Modern Contemplation of the Runes: Jera

(0 comments)

JeraSummer is called joyful when the god lets
holy heaven's king, shining fruits
be born from earth for rich and poor.




Continuing our series examining modern pagan practice via the Elder Futhark, we move on to the twefth rune, Jera. As with the others, the rune-poem above gives us a place to start.

The ancient sources focus this rune mostly on the agricultural cycle, and the harvest in particular. However, more modern sources also point out the theme of the turning of the year through the seasons. These two concepts are of course linked in all non-tropical areas, but the seasonal cycle is less tied to agriculture in modern times, when only a small minority of people have their livelihoods directly tied to the planting and reaping of crops. One potential challenge this rune presents is maintaining our connections to these cycles in modern times, when the change of seasons can feel more like an optional annoyance than a vital aspect of survival.

The annual solar cycle that this rune represents has a very clear influence on modern pagan practice, namely the 8 holidays celebrated by many pagans throughout the year on the solstices, equinoxes, and "cross-quarter" days half-way in between a solstice and equinox. The history of these holidays is more complex than many modern pagans realize, and yet they do serve a purpose of connecting the lives of modern pagans to the other living beings on earth on which our lives depend.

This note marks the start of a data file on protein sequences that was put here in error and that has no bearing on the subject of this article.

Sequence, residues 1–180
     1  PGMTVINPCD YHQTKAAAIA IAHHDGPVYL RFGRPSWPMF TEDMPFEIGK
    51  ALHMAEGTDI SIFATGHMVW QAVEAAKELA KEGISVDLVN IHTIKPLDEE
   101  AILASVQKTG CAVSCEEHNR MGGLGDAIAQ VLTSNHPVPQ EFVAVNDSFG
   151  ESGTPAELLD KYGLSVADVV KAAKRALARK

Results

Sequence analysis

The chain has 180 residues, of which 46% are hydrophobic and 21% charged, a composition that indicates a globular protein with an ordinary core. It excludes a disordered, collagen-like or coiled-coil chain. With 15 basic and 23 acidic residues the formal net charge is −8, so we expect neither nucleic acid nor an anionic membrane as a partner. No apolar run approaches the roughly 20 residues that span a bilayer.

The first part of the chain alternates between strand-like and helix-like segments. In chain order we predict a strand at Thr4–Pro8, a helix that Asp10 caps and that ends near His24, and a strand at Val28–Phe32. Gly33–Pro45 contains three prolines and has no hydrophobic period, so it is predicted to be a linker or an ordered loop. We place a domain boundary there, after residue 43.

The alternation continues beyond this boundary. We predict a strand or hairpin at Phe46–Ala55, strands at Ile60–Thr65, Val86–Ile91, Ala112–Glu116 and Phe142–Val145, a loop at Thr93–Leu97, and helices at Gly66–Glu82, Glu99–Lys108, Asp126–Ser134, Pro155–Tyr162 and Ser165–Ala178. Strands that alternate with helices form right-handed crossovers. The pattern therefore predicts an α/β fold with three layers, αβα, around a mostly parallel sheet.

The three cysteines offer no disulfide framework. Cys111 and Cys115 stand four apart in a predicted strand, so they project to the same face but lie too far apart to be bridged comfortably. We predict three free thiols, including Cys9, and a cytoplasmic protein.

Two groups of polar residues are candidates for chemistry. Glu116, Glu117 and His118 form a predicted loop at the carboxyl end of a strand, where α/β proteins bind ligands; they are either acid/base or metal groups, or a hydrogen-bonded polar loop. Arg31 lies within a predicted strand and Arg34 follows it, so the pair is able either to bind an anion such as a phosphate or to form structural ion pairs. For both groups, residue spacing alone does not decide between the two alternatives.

About Those Holidays

The idea of using "quarter-days" (solstices and equinoxes) and "cross-quarter-days" (halfway in between) to form a cycle of 8 annual holidays spaced approximately evenly apart dates to no earlier than the 20th century. Furthermore, the use of the term "sabbat" for these days is not historical prior to the 19th century. And while some of those holidays were picked with an eye towards actual ancient practice, and were informed by what were believed to be at the time survival of ancient customs via folk processes, the correspondences weren't always as clear as they might be. To make matters more complicated, the ancient customs and the astronomical timing were not always in sync with each other, so reasonable disagreement could be had about when these holidays actually fell. And, on top of all that, as far as we can tell it was not uncommon for ancient people to adjust or delay events due to weather and other practical problems. Furthermore, no single ancient culture is known to have had major seasonal rituals on all of the 8 annual holidays, so there is definitely some mixing and matching involved.